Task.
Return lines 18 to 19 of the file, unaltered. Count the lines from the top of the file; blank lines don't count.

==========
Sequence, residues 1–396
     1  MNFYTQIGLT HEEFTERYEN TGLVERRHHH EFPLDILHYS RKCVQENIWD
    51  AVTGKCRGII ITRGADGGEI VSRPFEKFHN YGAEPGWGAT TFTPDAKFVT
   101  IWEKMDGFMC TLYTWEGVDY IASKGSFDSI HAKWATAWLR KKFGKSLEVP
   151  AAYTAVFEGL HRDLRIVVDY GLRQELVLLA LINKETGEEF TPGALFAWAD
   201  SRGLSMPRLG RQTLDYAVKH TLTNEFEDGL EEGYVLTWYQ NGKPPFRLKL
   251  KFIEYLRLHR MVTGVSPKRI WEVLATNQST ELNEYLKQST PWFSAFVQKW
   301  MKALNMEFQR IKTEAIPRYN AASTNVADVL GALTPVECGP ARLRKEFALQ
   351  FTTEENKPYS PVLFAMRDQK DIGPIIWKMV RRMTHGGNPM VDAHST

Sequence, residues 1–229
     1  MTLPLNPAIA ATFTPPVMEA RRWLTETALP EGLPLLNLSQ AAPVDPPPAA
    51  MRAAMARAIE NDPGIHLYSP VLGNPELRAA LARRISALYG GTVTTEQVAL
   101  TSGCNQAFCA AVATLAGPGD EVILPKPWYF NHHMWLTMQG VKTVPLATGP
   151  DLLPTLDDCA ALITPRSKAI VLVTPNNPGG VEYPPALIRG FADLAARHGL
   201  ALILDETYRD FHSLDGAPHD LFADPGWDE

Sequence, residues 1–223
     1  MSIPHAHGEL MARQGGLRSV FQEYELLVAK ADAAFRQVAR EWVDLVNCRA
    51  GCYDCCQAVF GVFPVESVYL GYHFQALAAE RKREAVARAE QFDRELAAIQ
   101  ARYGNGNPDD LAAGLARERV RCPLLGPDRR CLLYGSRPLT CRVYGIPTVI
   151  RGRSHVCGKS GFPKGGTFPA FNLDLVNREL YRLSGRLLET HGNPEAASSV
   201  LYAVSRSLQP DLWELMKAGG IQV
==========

    51  GCYDCCQAVF GVFPVESVYL GYHFQALAAE RKREAVARAE QFDRELAAIQ
   101  ARYGNGNPDD LAAGLARERV RCPLLGPDRR CLLYGSRPLT CRVYGIPTVI